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Wednesday we had entertained Miss Koppel from eleven to one, Miss Fraser from two to four, Miss Vance from eight-thirty in the evening until after eleven, and Nathan Traub from midnight on; and Tully Strong Thursday morning from eleven until lunch time.

We had got hundreds of notebook pages of nothing.

Gaps had of course been filled in, but with what? We even had confessions, but of what? Bill Meadows and Nat Traub both confessed that they frequently bet on horse races-Elinor Vance confessed that her brother was an electroplater, and that she was aware that he constantly used materials which contained cyanide.

Madeline Fraser confessed that it was hard to believe that anyone would have put poison into one of the bottles without caring a damn which one of the four broadcasters it got served to. Tully Strong confessed that the police had found his fingerprints on all four of the bottles, and accounted for them by explaining that while the doctor had been kneeling to examine Cyril Orchard, he, Strong, had been horrified by the possibility that there had been something wrong with a bottle of Starlite, the product of the most important sponsor on the Council. In a panic he had seized the four bottles, with the idiotic notion of caching them somewhere, and Miss Fraser and Traub had taken them from him and replaced them on the table. That was a particularly neat confession, since it explained why the cops had got nowhere from prints on the bottles.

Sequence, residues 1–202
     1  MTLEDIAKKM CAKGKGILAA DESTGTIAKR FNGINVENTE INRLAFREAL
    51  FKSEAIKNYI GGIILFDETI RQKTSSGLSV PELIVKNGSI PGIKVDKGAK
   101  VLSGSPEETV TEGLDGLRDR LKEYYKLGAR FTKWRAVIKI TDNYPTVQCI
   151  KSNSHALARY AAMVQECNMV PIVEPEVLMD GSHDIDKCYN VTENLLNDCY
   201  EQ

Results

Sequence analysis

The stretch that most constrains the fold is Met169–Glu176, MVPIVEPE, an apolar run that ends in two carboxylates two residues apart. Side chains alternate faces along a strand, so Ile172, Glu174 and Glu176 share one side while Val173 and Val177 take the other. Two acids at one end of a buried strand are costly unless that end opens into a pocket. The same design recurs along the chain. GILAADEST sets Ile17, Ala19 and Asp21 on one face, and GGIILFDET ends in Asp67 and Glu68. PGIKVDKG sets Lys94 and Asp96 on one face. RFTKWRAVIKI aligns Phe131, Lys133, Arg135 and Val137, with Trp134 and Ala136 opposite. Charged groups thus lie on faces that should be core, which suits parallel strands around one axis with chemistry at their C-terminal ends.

Deborah Koppel confessed that she knew a good deal about cyanides, their uses, effects, symptoms, doses, and accessibility, because she had read up on them after the death of her brother six years ago. In all the sessions those were the only two times Wolfe got really disagreeable, when he was asking about the death of Lawrence Koppel-first with Deborah, the sister, and then with Madeline Fraser, the widow. The details had of course been pie for the newspapers during the past week, on account of the coincidence of the cyanide, and one of the tabloids had even gone so far as to run a piece by an expert, discussing whether it had really been a suicide, though there hadn't been the slightest question about it at the time or at any time since.

But that wasn't the aspect that Wolfe was disagreeable about. Lawrence Koppel's death had occurred at his home in a little town in Michigan called Fleetville, and what Wolfe wanted to know was whether there had been anyone in or near Fleetville who was named Orchard, or who had relatives named Orchard, or who had later changed his name to Orchard. I don't know how it had entered his head that that was a hot idea, but he certainly wrung it dry and kept going back to it for another squeeze. He spent so much time on it with Madeline Fraser that four o'clock, the hour of his afternoon date with the orchids, came before he had asked her anything at all about horse races.

The interviews with those five were not all that happened that day and night and morning. Wolfe and I had discussions, of the numerous ways in which a determined and intelligent person can get his hands on a supply of cyanide, of the easy access to the bottles in the refrigerator in the broadcasting studio, of the advisability of trying to get Inspector Cramer or Sergeant Purley Stebbins to cough up some data on things like fingerprints. That got us exactly as far as the interviews did. Then there were two more phone calls from Cramer, and some from Lon Cohen and various others; and there was the little detail of arranging for Professor F. O. Savarese to pay us a visit.